Return to Games I Beat In 2014 #41-50: July-August

#44: Crash ‘N the Boys: Street Challenge

It’s rare that a sports game from the NES era has a point at which it can be called “beaten”. This, though, is one of them. And while I’m not big into sports games–as my brother and I acquired separate interests, and stooped playing sports games against one another, I fell out of playing them pretty much altogether–this is one of the more fun ones I’ve played, even though it plays into some of my weaknesses as a gamer. The game is a spinoff of the Kunio Kun series, one game of which was released in the US as River City Ransom (A heavily edited and Americanized version of another game in the series was released here as Renegade). A number of the other side games saw US release as well, notably Super Dodge Ball and Nintendo World Cup Soccer.

Released in 1992 by American Technos, Crash ‘N the Boys: Street Challenge is itself more urban than its Japanese counterpart. The game picks up after the All-City Track Meet, which Crash Cooney and his high school, Southside High, swept. Todd Thornley, captain of uptown rival Washington High, isn’t happy about this. To settle the score, he proposes an unsanctioned track meet, to take place near Cooney’s home turf. To stack the odds in his favor, Todd recruits two more “Hiller” schools, Lincoln High and Jefferson High, to take part in the competition. And it doesn’t stop there–Todd’s father, also named Todd, is likewise displeased with Southside’s athletic domination. He assembles a superteam, Team Thornley, composed of the best athletes from mega-corporation Thornley Industries, to act as a fifth wheel in the meet. Crash ‘N the Boys certainly have their work cut out for them!

At this point, I should mention that you can actually play as any of the four high school teams. Only winning as Southside, though, gets you the “full” ending; any other high school just gets you the trophy presentation and a “Coming Soon!” screen for a game that never saw the light of day in the US. The fact that winning with Washington High doesn’t get you some kind of “Vindication” ending for the Thornleys is a bit disappointing.

I’m getting ahead of myself, though. The track meet itself is composed of 5 events (You can also play a shortened meet where you select 3 of the 5 events, or practice a single event). It starts off simply enough, with 400-Meter Hurdles….only here, you can tackle the hurdles, then pick up the remnants and either spin around with them, or throw them at your opponent. From there, the events get weirder–Hammer Golf combines Golf with the Hammer Throw, Swimming involves an underwater battle to unconsciousness, Rooftop Jumping is basically what you’d expect (But some of the gaps are long enough to require pole-vaulting over or riding a unicycle across), and Fighting Scene involves battling your opponent until one of you can fight no more.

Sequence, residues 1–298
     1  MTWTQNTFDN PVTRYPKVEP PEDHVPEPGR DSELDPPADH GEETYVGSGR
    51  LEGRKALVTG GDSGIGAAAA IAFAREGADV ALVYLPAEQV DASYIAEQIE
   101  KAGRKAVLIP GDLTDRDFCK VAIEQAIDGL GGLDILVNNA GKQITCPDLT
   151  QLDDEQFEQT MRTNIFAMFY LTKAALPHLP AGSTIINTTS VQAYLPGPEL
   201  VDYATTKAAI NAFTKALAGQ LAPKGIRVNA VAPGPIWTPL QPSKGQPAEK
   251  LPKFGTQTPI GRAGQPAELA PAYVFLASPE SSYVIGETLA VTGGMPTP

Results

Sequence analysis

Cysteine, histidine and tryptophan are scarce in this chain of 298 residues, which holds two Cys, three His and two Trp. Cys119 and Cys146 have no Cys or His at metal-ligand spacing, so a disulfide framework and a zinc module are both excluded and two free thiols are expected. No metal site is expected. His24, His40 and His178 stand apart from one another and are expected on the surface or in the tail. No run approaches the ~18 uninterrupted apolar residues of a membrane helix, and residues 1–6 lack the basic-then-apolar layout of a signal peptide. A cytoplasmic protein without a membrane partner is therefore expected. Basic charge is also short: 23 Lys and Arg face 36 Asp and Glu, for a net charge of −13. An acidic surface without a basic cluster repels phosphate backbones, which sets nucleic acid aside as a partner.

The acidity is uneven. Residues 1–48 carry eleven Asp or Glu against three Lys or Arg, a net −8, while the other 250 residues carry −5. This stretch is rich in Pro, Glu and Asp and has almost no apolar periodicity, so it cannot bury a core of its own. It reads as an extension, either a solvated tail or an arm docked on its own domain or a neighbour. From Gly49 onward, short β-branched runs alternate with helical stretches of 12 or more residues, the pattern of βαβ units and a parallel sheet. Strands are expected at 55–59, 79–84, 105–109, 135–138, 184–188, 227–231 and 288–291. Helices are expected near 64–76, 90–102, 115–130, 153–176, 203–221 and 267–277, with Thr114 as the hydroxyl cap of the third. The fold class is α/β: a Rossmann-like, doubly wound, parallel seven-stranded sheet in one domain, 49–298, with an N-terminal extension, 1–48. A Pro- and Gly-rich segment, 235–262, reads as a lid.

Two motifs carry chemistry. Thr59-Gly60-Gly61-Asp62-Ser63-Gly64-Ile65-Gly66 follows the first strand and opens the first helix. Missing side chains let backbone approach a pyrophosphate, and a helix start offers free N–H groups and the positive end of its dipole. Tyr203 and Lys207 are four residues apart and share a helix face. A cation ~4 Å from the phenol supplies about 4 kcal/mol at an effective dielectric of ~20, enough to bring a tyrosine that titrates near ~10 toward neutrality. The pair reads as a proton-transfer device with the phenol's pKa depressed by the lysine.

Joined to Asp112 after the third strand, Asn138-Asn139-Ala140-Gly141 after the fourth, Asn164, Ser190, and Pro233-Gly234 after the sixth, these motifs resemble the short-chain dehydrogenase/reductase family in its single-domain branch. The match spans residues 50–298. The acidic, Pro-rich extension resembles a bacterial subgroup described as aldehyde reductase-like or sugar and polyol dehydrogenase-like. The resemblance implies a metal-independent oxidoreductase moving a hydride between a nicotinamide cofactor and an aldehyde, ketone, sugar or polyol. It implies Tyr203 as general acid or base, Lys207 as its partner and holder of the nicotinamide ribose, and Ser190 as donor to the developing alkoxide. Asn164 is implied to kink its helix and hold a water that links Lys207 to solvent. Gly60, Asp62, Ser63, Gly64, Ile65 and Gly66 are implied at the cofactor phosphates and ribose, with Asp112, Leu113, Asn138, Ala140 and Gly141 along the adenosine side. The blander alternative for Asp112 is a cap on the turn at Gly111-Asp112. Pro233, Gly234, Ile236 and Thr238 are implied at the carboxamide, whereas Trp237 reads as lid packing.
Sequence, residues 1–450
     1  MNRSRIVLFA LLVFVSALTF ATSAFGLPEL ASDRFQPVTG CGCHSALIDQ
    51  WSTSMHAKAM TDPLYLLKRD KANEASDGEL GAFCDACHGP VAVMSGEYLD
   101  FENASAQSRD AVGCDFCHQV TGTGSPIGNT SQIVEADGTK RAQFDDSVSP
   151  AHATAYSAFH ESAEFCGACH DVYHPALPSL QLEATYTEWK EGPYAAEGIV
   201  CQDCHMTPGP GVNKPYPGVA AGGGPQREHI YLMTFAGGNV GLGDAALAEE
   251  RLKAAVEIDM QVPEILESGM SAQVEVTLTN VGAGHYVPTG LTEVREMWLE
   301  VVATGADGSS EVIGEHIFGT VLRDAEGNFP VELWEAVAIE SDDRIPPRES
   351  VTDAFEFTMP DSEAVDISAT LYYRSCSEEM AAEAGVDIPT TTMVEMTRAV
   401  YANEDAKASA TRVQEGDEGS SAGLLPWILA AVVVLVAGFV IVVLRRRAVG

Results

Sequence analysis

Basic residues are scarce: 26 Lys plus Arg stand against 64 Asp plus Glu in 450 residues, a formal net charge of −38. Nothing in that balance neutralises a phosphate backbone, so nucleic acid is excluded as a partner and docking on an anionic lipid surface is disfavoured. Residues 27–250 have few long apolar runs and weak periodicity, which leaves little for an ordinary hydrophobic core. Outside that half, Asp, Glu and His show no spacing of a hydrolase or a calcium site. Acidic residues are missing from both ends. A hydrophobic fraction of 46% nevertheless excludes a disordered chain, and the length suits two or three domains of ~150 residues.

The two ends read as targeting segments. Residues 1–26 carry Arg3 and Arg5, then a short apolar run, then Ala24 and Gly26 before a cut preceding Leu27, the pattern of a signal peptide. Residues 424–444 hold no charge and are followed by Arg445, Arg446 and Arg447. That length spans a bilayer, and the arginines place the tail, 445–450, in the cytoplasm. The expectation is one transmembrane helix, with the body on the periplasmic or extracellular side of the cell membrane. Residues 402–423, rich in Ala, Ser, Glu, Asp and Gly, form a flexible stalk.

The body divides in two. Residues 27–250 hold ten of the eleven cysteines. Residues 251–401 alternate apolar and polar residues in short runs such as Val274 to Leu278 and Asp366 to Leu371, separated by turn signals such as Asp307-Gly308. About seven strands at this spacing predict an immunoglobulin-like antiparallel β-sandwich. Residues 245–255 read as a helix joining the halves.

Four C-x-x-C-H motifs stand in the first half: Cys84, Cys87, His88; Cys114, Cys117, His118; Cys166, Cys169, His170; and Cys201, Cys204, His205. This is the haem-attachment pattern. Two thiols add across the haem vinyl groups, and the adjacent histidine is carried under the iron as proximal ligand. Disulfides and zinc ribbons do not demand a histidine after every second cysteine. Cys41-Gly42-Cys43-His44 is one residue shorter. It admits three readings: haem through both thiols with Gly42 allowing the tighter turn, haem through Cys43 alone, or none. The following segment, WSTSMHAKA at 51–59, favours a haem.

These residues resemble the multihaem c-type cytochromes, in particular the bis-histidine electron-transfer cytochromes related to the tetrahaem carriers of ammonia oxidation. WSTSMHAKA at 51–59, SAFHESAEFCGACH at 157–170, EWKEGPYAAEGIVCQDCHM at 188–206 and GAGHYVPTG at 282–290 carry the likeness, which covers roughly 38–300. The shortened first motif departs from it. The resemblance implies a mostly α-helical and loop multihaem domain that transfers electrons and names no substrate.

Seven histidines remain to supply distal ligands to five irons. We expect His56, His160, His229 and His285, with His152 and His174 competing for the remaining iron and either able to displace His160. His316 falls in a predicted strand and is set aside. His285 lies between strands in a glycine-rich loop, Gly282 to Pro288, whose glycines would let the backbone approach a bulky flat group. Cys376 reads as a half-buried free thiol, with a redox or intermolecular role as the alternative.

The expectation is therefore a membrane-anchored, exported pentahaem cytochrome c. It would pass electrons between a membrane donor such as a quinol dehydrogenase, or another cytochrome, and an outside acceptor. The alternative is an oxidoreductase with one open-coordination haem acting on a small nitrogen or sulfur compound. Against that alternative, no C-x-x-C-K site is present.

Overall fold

Doing well in each event will net you medals. Medals are also scattered around the courses to be picked up. The team with the most medals at the end of the competition (After a sequence in which bonus medals are handed out in a proto-Mario Party way) is the winner of the Street Challenge. Sounds simple enough…but there’s a twist. The medals are also currency, and between events, you can buy various powerups designed to make the events either easier on yourself or harder on your opponents–for instance, you can put tacks in your opponent’s way in the Hurdles, or equip your hammer with a rocket in Hammer Golf.

While this game puts a Kunio-kun spin on the traditional Track and Field video game, the fact remains that it is a Track and Field video game at its core. That means every event involves mashing of some kind, either of the control pad in the Hurdles and Rooftop Jumping, or of a button in the other events. The control pad mashing is unusual, but it’s the button mashing, even in some of the more fun events like Swimming, that make the game a bit of a chore to play. I may well just be out of shape, but I find button-mashing for an extended period of time to be physically draining.

In spite of the physical challenge, the game itself isn’t super difficult in one-player mode (All bets are off when you get a group of friends together; because the events are a series of one-on-one matches at most, up to four players can compete using only two controllers), especially if you know which power-ups will make your life easier. One playthrough in one-player mode isn’t very long either, probably taking in the realm of a half hour to get through. Suffice to say that this is a game whose replay value is enhanced when you can find friends to play it with.

Even single-player, though, Crash ‘N the Boys: Street Challenge is a fun, if short, track and field experience, and it’s a shame the US never saw any of the other planned Crash ‘N the Boys games (We know the next one would have been Ice Challenge). Luckily, the game was re-released on both the 3DS and Wii Virtual Consoles, meaning it’s easy to acquire and give a try. I recommend doing so, despite not being a big fan of Track and Field games in general (Nor, it should be said, being a good button masher).


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